Continuing on in our educational journey to teach readers about the financing contingency. Let me start this article by saying, WHO YOU CHOOSE AS YOUR LENDER MATTERS. In our market in particular, I always recommend a local lender. There are many reasons this is the case, but here are my top five:
- A local lender is able to get you into underwriting and conditionally approved for your loan much faster than a large bank or credit union (same with appraisal).
- A local lender is able to close your loan much faster and is less likely have to have delays before settlement.
- A local lender is easy to reach over the weekend when you will need a pre-approval letter.
- A local lender is likely part of a company that is recognized by local agents and respected, therefore giving you a leg up when submitting an offer.
- A local lender will be your advocate, and can work with you and be creative in your financing to make you more competitive.
Why do I mention all of this? Because as tempting as it may be to work with your big bank or credit union, in a competitive market this will severely hinder your chances of winning in a multiple-offer situation.
Now, let’s dive into the specifics of the financing contingency. For NVAR, GCAR, and MAR (the three different trade association that represent the jurisdictions and provide the standard sales contracts) there is a specific addendum that addresses a buyer’s finance contingency. Within this same form, there is a portion for the appraisal, but we will cover this another day. You, as the buyer, along with your lender, will need to determine how many days you need to get the loan application completed, loan documents signed, and to get your file into underwriting to receive a conditional commitment letter. A good local lender should be able to do this in 14 days at the very most (most of my preferred lender can do it in 10 or less). What does the conditional commitment letter include? Well, its name says it all – It’s an approval letter but with the conditions that are still necessary to receive the final clear to close on the loan.
The key here is it matters how many days you will need in order to do all of this. The faster you and your lender are able to do so, the more competitive your offer is going to be. Keep in mind, with this contingency you are really at the mercy of how quickly your lender is able to get your file through underwriting, hence why it’s important to work with someone who is local and can move fast.
All this being said, in our market it is common for buyers to waive this contingency entirely to be competitive. If you remove this contingency, you are waiving your safety net to back out of the offer if you aren’t qualified for your loan. It is extremely important that you have a conversation with your lender before making this decision to assess how well qualified you are for your loan. If after this conversation you feel you are in a good spot to waive the contingency, then it is certainly something to consider in a competitive situation.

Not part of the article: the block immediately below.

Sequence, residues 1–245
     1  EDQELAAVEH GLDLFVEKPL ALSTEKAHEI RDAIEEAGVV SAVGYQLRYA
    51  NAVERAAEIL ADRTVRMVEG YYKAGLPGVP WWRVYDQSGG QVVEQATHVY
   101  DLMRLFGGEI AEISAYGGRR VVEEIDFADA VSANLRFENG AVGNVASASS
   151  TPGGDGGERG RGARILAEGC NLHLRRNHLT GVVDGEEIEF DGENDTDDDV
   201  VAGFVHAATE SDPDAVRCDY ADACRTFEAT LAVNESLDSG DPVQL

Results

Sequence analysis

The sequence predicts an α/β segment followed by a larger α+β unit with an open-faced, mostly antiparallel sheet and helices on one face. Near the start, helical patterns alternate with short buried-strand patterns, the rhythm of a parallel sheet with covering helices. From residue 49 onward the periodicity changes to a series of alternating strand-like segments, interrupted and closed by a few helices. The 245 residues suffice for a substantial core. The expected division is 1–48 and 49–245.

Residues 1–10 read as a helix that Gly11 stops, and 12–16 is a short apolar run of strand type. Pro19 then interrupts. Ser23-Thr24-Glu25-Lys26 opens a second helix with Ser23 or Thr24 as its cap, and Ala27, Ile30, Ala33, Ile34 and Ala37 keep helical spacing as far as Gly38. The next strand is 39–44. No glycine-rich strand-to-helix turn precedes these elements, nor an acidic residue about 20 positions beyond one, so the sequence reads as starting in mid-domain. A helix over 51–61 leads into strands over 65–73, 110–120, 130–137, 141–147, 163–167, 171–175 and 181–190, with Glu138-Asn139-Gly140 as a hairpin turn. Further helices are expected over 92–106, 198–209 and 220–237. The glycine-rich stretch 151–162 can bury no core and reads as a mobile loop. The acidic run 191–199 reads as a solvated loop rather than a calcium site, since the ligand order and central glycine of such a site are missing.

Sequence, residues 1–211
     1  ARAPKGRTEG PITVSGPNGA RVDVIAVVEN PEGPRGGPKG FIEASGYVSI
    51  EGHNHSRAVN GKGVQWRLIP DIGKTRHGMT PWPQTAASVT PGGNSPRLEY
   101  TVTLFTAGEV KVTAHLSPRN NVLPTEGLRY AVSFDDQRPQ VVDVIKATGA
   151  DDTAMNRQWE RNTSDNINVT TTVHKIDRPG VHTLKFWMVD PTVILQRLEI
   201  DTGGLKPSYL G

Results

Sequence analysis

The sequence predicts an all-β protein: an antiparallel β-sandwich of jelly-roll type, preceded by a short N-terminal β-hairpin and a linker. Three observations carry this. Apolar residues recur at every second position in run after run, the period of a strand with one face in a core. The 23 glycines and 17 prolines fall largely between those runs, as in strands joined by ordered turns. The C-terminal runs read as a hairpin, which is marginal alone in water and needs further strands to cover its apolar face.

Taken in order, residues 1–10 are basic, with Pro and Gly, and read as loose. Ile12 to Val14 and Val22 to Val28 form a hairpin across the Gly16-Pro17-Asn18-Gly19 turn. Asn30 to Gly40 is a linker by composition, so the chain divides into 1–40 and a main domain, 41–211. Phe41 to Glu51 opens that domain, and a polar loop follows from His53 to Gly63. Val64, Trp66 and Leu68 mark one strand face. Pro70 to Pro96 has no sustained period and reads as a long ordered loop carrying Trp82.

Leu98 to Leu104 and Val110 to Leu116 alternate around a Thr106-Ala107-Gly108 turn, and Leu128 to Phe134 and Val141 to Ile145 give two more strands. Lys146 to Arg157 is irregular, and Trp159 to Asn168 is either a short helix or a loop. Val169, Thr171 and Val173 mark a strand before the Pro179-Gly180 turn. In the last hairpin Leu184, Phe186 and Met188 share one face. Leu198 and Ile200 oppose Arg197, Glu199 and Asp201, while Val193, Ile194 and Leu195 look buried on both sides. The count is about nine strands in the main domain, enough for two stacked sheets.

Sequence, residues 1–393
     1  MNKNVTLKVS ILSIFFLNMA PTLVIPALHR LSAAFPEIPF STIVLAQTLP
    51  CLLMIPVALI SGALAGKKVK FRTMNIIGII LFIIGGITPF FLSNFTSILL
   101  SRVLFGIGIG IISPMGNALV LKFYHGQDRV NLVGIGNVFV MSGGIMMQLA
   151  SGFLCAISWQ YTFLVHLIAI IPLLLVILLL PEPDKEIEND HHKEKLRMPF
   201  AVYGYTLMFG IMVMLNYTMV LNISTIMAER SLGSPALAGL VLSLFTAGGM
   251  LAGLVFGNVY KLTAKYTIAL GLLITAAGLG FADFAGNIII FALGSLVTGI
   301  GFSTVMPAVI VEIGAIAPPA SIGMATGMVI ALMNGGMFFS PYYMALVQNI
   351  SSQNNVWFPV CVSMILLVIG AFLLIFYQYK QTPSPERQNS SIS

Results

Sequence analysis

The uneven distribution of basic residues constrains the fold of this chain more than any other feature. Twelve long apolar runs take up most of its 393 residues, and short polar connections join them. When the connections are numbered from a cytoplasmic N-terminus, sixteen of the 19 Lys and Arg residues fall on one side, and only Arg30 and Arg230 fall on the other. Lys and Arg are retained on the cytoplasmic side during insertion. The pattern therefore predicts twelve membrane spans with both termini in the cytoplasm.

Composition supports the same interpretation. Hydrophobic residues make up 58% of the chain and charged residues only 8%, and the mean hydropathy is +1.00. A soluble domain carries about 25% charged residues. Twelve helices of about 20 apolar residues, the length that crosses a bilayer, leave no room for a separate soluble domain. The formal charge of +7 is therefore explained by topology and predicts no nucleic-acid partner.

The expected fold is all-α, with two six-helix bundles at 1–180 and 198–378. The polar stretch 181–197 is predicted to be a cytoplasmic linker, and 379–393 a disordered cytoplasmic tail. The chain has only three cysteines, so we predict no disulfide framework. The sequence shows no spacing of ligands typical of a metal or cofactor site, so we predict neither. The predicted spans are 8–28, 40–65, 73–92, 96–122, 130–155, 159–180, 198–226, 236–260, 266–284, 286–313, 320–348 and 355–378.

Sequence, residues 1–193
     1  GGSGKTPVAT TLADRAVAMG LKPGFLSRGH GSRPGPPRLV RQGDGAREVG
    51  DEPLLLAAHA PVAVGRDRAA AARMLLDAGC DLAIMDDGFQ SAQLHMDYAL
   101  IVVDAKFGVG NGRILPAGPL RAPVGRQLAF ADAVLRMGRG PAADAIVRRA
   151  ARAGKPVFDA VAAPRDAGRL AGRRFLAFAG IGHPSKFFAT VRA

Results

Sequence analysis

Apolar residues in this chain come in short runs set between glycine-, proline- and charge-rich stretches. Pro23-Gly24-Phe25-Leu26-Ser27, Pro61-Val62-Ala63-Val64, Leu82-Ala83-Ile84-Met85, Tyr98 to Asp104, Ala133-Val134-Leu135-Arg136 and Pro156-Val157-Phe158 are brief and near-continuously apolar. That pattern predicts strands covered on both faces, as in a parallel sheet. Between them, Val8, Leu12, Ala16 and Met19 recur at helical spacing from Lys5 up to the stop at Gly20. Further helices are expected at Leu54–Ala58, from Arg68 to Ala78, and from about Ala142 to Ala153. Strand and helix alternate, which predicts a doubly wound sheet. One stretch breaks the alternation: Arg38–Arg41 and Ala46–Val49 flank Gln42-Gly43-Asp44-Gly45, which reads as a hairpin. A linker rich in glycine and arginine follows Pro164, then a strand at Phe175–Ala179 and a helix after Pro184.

Now, let’s hop back to the language included in the sales contract for the financing contingency. Particularly in the NVAR contract, which is used in Northern Virginia, there are two different options for your finance contingency – “automatic extension” and “automatic expiration.”
Let’s use a hypothetical to make this easier to understand. Say you put in an offer and included a 14 day finance contingency. If you chose automatic expiration it is pretty straight forward and the contingency expires after the allotted days, meaning you no longer have the opportunity to void the offer due to financing. On the flip side, if you chose automatic extension the contract says that you have 14 days to deliver a conditional commitment letter. If the letter is not delivered during that time, the contingency automatically extends. For my buyers, I try and keep the financing contingency in place as long as possible by not delivering the conditional commitment letter unless requested. That said, there are a few ways this scenario can play out if the letter is not delivered during the specified period. The first is that the seller never requests the conditional commitment letter and your contingency continues up through settlement. The other option the seller has, per the contract, is to deliver Notice to you, the buyer, giving you three days to select to void your offer. If you do not void during this time, the contingency is removed and the contract continues on in full force. This is a tough position for a seller because if they do decide to deliver Notice, this gives the buyer the opportunity to back out of the offer without evidence that they wouldn’t be approved for the loan. For this reason, a seller will usually request automatic expiration, and this type of financing contingency is most common in our competitive market.
Which leads me to my final point. What happens if you really won’t be approved for your loan and you are able to void the offer on financing? Simply put, your lender will need to provide a letter stating that you are not qualified for the loan.
Jam packed content included here, but good to know when determining what your best options are for the financing contingency.